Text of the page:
Liver disease has many causes, sometimes it can be caused by problems with the liver tissue being inflamed (e.g. Hepatitis), the blood supply to the liver being altered (e.g. Portal Vein Clots) or problems with the bile ducts (e.g. Primary Sclerosing Cholangitis).
You can also have abnormal areas in the liver such as cysts, patches of abnormal blood vessels (haemangioma) or growths in the liver such as liver cancer.
A CT scan takes many x-rays of a cross section of your abdomen to give us a detailed picture of the structures in this area, including your liver, spleen, pancreas and gallbladder.
There are lots of reasons we may wish to perform a CT scan.
We may use it as part of the diagnostic process, to see if there are any problems with the structure of the liver or bile ducts that can identify the cause of your liver disease. We may use this test to gain a diagnosis in combination with other imaging tests such as ultrasound or as a single test.
We may perform a CT scan if an ultrasound test is unsuccessful, is unable to view one or more of the areas of interest or identifies an area which needs more detailed pictures to find out what is causing the abnormality.
If you have a diagnosis of cirrhosis you are at higher risk of liver cancer known as Hepatocellular Carcinoma, we may wish to undertake surveillance if you are considered at high risk of this complication. In some cases it is felt best to undertake this monitoring by performing a regular CT scan.
A CT scan takes place in the radiology department and is performed by a specialist known as a radiographer.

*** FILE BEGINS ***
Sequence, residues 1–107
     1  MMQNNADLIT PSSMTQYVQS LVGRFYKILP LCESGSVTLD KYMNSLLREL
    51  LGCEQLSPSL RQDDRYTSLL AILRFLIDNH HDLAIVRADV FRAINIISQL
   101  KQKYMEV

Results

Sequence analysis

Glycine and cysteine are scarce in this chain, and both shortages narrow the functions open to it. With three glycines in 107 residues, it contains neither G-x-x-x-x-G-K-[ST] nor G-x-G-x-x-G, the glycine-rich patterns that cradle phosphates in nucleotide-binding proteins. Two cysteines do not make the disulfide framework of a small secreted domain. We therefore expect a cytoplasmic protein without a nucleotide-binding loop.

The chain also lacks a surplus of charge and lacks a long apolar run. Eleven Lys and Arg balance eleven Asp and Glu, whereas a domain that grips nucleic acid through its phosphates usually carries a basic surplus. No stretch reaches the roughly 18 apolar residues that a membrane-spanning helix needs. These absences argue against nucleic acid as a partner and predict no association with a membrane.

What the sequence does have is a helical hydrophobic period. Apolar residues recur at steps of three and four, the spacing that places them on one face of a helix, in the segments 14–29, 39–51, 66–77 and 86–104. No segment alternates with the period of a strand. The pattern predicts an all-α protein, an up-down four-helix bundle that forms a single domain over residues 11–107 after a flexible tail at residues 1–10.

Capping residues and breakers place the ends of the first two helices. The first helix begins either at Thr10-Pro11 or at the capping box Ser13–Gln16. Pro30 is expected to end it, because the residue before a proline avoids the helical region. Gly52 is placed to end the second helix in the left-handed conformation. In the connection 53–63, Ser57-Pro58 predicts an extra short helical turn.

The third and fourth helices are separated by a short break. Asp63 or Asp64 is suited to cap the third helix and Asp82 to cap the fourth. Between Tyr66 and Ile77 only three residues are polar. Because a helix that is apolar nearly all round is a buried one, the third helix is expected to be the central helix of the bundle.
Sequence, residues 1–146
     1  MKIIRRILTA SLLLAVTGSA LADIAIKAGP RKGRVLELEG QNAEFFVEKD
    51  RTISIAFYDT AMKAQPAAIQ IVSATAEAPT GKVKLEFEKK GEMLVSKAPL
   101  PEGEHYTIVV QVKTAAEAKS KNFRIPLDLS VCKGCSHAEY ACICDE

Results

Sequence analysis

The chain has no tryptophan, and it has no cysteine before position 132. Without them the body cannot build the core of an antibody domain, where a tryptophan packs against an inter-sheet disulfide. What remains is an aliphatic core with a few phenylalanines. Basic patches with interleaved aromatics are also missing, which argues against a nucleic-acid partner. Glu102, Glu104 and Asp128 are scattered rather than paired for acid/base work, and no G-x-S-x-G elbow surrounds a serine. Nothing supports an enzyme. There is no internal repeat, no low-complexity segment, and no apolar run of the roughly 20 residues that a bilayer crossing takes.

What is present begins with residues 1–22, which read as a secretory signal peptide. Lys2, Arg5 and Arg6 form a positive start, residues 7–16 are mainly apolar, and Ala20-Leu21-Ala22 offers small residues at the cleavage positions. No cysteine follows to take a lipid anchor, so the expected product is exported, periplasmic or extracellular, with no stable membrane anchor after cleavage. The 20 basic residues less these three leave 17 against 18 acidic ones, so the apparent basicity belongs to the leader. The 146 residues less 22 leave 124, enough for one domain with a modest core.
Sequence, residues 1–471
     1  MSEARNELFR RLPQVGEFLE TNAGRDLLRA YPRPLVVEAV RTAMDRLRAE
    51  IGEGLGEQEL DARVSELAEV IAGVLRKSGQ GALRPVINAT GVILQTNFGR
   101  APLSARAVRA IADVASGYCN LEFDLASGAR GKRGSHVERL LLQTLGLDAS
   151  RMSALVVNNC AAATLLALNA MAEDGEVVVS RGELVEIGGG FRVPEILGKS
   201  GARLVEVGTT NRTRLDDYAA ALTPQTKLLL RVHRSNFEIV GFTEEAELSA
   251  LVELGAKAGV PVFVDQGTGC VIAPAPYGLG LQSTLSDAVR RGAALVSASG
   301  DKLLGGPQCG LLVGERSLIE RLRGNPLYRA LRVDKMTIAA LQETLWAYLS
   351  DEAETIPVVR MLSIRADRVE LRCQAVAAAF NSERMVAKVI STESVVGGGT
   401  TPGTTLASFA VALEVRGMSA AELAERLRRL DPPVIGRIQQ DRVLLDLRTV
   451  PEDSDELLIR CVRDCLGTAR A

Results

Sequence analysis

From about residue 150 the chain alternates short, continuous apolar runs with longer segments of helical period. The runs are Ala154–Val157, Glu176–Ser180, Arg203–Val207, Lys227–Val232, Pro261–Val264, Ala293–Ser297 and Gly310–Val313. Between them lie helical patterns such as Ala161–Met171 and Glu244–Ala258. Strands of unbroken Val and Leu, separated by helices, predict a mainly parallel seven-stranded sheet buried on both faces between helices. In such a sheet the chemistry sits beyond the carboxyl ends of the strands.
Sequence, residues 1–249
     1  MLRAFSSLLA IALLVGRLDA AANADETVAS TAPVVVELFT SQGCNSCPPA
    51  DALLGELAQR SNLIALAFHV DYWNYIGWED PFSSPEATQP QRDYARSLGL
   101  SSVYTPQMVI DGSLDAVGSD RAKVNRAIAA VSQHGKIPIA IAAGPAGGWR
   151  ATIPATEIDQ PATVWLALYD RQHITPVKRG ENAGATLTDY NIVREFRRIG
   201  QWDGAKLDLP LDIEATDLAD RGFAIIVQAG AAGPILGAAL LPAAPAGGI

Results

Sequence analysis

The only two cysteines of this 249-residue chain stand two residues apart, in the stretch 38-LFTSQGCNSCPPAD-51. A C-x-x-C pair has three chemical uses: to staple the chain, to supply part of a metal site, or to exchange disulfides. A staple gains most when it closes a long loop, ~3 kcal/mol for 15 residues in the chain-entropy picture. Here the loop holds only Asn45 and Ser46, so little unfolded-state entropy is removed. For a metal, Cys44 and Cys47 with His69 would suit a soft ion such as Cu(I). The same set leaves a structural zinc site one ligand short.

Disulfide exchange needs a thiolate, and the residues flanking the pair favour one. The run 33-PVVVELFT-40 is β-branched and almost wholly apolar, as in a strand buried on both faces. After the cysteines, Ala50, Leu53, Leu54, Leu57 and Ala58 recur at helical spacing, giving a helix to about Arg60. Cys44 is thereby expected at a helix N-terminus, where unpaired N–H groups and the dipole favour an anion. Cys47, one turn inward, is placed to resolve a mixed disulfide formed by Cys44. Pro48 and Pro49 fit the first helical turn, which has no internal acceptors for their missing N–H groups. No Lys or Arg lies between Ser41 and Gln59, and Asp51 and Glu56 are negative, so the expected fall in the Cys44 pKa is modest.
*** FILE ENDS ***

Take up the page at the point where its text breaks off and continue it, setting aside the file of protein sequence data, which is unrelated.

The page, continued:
You may be asked to be “Nil by mouth” for a period of time before the study.
You will often be asked to change into a hospital gown as some clothing items can interfere with the test results.
Some CT scans require a dye (known as contrast) to be injected. This is usually done by inserting a tube, sometimes called a cannula, into one of your arm veins, which will be done before the test.
You will be asked to lie flat on the couch and keep still. You may be required to take deep breaths at certain points in the procedure, instructions will be relayed to you via a loud speaker in the room.
The scanner is shaped like a large donut and will pass over you several times during the procedure. If you are having a test requiring contrast dye, you will be told when the dye is due to be injected through the cannula, it can give you a strange warm sensation throughout the body but is not painful or unpleasant.
The test usually takes 5-10 minutes.
After the test there are no special instructions to follow, you can continue as normal.
The x-ray images will be sent to a radiologist (a doctor specialising in these tests), who will review the images and create a report on the findings.
The report will be sent on to the doctor or nurse who requested your test, who will be able to interpret it along with the medical history, blood tests and any other results. No single test will diagnose the cause and extent of your liver disease.
In some cases we may not be able to get the required information from a CT scan. In this instance the information will be passed onto the doctor or nurse who requested the test for them to decide the best next steps.
Depending on the underlying cause of your liver disease, you may be required to have further repeat CT scans. If you have cirrhosis or are considered high risk for developing liver cancer and ultrasound testing is not suitable, you may be asked to have a repeat scan every 6 months. You will be informed if this is the case.
A CT scan is a non-invasive test that is quick and can give us a good idea of the structure of your liver, however, it is your choice if you do not wish to have the test.
You should discuss alternative options with your doctor or nurse specialist, these may include other ways of taking images of the liver, blood test monitoring or a liver biopsy. Alternative options will depend on the cause of your liver disease and the reason for performing the test.